Emerald Eco-Label EPDs are fully compliant with the ISO 14025 and EN 15804 standards, which allows asphalt mix producers to provide the standardized, third-party verified documentation needed for a project to earn a full credit under LEED version 4.

Beyond LEED, the Green Building Initiative’s Green Globes, the International Green Construction Code (IgCC), and the Institute for Sustainable Infrastructure’s Envision system all include incentives for projects to use EPDs. They are also used in the Greenroads rating system for transportation projects, and FHWA’s INVEST sustainable highways self-evaluation tool is working to incorporate EPDs in a future release.

Beyond these green construction systems, transportation and public works agencies in several states, most notably California, Oregon and Louisiana, are exploring the use of EPDs in their decision-making process. EPDs may not be part of the current bidding process, but they are something we expect project owners to increasingly seek out, whether they are building public highways or commercial shopping centers.

This is why the Emerald Eco-Label exists. Through an extensive process that involved cooperation from many NAPA members and the state asphalt pavement associations, NAPA conducted a life cycle assessment (LCA) of the environmental impacts of asphalt pavement mix production starting with the production of raw materials through the mix production and ending at the point the finished mixture leaves the production facility. This cradle-to-gate LCA provided the background information necessary to develop the framework for the NAPA EPD program. The Emerald Eco-Label uses public data sets to the greatest extent possible to ensure transparency in how environmental impacts are calculated and allocated.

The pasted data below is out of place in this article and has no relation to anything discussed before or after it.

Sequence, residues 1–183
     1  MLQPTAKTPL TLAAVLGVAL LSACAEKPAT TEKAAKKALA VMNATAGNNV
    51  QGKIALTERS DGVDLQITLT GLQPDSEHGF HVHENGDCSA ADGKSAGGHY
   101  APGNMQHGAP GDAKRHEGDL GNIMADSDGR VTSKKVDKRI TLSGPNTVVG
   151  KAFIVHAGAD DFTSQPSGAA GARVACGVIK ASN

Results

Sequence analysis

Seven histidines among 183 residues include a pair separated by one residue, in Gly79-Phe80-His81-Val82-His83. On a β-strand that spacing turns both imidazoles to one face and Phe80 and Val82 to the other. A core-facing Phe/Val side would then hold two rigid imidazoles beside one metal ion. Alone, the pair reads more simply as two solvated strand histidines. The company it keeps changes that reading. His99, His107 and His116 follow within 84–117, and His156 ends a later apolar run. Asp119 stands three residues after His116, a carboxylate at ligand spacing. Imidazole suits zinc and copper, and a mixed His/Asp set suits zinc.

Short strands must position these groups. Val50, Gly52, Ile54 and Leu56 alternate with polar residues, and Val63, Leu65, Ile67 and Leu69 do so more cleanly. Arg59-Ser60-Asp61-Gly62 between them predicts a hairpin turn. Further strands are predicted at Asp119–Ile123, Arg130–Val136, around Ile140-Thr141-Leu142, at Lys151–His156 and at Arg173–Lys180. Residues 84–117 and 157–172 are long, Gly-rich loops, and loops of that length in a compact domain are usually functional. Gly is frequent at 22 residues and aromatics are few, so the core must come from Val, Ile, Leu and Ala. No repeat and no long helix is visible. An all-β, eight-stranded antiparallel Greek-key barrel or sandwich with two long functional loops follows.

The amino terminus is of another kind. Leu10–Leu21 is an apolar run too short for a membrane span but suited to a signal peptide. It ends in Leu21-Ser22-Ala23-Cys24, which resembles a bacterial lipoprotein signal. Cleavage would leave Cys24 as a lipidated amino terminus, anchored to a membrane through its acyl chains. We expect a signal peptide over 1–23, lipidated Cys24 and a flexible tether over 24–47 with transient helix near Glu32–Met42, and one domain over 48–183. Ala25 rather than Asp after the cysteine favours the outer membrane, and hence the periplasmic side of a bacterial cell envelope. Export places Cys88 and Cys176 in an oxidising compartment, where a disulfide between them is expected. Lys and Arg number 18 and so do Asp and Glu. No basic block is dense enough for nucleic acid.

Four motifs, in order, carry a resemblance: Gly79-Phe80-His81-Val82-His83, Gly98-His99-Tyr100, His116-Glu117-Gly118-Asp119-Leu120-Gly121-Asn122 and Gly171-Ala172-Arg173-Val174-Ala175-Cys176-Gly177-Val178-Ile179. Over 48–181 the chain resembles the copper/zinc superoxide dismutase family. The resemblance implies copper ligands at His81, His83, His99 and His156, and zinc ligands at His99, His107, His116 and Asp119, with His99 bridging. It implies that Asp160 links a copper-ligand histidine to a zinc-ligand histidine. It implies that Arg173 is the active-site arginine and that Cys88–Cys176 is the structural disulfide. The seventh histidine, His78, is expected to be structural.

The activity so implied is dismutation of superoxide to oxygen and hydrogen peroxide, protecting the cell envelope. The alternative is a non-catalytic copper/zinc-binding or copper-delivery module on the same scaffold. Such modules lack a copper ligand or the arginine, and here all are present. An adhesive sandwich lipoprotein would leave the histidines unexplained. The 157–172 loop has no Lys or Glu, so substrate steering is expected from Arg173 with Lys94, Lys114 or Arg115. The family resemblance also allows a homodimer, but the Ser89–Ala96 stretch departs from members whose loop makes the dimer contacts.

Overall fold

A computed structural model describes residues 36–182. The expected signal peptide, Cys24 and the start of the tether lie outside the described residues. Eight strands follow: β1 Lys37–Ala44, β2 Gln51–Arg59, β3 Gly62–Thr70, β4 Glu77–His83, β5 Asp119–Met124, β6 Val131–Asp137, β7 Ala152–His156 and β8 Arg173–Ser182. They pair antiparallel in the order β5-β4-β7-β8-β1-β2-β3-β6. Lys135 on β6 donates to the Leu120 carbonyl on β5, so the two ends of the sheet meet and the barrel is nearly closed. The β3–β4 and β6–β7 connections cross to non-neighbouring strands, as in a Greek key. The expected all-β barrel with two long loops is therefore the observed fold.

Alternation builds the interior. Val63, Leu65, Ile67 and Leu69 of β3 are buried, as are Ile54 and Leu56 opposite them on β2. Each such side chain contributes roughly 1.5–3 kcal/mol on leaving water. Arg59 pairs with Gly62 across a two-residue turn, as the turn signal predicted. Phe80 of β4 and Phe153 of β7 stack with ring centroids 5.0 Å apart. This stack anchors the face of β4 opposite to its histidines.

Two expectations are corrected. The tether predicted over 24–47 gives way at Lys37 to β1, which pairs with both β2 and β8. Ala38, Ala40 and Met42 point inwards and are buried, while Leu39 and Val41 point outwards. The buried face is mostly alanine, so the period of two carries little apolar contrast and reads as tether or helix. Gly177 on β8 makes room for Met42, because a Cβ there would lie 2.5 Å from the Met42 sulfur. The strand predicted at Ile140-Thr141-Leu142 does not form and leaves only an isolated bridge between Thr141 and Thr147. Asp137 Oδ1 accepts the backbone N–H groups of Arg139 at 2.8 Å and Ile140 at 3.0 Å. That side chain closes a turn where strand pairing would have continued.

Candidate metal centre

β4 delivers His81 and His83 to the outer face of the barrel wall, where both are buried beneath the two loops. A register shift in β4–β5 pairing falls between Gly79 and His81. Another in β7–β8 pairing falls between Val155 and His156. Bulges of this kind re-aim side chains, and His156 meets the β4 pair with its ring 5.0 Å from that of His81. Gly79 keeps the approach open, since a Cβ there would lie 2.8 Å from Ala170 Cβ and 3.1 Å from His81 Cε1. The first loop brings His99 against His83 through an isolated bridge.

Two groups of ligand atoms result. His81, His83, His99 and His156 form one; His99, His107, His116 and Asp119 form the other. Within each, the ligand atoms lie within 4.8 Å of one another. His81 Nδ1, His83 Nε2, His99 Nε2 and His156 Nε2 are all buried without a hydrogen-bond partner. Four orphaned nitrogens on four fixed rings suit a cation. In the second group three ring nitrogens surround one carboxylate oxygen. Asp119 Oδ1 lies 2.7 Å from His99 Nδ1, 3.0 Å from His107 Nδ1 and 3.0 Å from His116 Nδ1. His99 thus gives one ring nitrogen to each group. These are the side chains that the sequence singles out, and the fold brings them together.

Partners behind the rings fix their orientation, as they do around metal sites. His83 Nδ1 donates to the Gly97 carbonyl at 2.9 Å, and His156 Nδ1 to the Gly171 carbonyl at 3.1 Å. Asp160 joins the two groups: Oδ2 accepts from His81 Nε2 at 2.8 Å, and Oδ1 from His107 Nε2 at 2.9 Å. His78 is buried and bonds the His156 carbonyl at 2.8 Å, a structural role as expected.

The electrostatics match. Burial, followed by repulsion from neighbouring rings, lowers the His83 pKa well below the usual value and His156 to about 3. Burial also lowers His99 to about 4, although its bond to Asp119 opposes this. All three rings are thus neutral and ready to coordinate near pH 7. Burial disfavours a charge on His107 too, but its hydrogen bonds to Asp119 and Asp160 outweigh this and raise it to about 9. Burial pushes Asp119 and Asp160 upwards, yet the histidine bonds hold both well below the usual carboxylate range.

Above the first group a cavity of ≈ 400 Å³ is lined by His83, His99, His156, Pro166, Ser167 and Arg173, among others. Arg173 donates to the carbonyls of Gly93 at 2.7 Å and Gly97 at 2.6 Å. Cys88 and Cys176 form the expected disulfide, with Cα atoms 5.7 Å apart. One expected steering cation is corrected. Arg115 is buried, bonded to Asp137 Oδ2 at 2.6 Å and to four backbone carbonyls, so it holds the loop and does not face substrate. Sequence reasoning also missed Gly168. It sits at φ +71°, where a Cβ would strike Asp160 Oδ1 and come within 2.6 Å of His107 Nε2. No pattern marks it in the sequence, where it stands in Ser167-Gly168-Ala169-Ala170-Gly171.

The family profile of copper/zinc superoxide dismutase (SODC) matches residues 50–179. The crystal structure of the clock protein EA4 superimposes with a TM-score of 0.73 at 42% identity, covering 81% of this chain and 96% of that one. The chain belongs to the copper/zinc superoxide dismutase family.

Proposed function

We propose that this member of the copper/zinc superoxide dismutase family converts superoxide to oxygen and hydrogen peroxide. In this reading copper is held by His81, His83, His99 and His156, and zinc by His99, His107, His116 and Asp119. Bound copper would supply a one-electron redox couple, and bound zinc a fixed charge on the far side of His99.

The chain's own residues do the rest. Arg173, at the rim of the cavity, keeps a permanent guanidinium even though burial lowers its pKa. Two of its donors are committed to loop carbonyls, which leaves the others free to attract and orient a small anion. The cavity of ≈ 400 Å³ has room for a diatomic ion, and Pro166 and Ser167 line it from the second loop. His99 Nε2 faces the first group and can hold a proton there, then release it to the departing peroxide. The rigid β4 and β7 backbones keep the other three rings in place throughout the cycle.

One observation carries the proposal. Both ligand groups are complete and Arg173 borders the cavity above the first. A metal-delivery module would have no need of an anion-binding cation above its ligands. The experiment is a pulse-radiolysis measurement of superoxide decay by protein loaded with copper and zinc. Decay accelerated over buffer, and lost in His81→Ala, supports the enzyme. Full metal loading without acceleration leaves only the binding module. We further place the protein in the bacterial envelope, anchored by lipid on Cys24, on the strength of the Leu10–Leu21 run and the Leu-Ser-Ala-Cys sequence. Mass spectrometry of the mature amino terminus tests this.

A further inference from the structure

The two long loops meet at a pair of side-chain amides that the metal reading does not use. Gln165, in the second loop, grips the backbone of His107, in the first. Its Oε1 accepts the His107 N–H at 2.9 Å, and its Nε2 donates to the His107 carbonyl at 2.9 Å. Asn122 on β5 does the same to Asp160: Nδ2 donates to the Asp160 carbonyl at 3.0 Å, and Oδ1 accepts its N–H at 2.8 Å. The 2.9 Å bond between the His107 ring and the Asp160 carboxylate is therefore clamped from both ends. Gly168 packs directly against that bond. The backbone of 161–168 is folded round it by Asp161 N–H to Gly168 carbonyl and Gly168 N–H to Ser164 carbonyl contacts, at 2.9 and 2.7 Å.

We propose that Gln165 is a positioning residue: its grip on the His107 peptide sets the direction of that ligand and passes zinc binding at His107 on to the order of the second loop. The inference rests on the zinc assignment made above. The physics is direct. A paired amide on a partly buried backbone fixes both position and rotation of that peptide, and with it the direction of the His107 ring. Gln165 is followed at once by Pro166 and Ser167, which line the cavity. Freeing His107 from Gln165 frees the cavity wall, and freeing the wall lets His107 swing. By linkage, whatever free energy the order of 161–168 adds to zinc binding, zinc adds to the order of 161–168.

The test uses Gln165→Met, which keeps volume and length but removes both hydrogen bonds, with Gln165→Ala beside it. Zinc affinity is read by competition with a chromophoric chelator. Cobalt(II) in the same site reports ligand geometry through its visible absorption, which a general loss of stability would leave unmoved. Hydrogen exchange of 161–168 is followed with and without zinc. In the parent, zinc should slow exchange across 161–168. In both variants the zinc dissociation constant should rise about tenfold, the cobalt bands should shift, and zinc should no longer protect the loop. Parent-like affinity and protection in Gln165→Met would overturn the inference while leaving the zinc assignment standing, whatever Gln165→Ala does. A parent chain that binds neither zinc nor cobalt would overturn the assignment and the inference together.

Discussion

With the Emerald Eco-Label, these inputs are combined with plant- and mixture-specific information to output a third-party verified eco-label EPD. A company’s proprietary information is never disclosed; only the environmental impact in several, required categories.

Ours is an industry that has always been able to adapt and change to meet future needs. We have done so with the adoption of WMA, which has had the benefits of reducing energy use, extending the paving season, and reducing emissions. Similarly, the reclamation and reuse of asphalt pavement allows us to turn routine maintenance and resurfacing activities into a harvesting of raw materials for future pavements. EPDs help us quantify and get well deserved credit for the sustainability of our product and of our practices.

Asphalt pavement mix producers are focused on delivering the quality materials owners want for their long-lasting roads, runways, and parking lots. Having the ability to provide an EPD, ensures that asphalt pavements remain the pavement of choice for green construction.

Mike Acott is the president of the National Asphalt Pavement Association.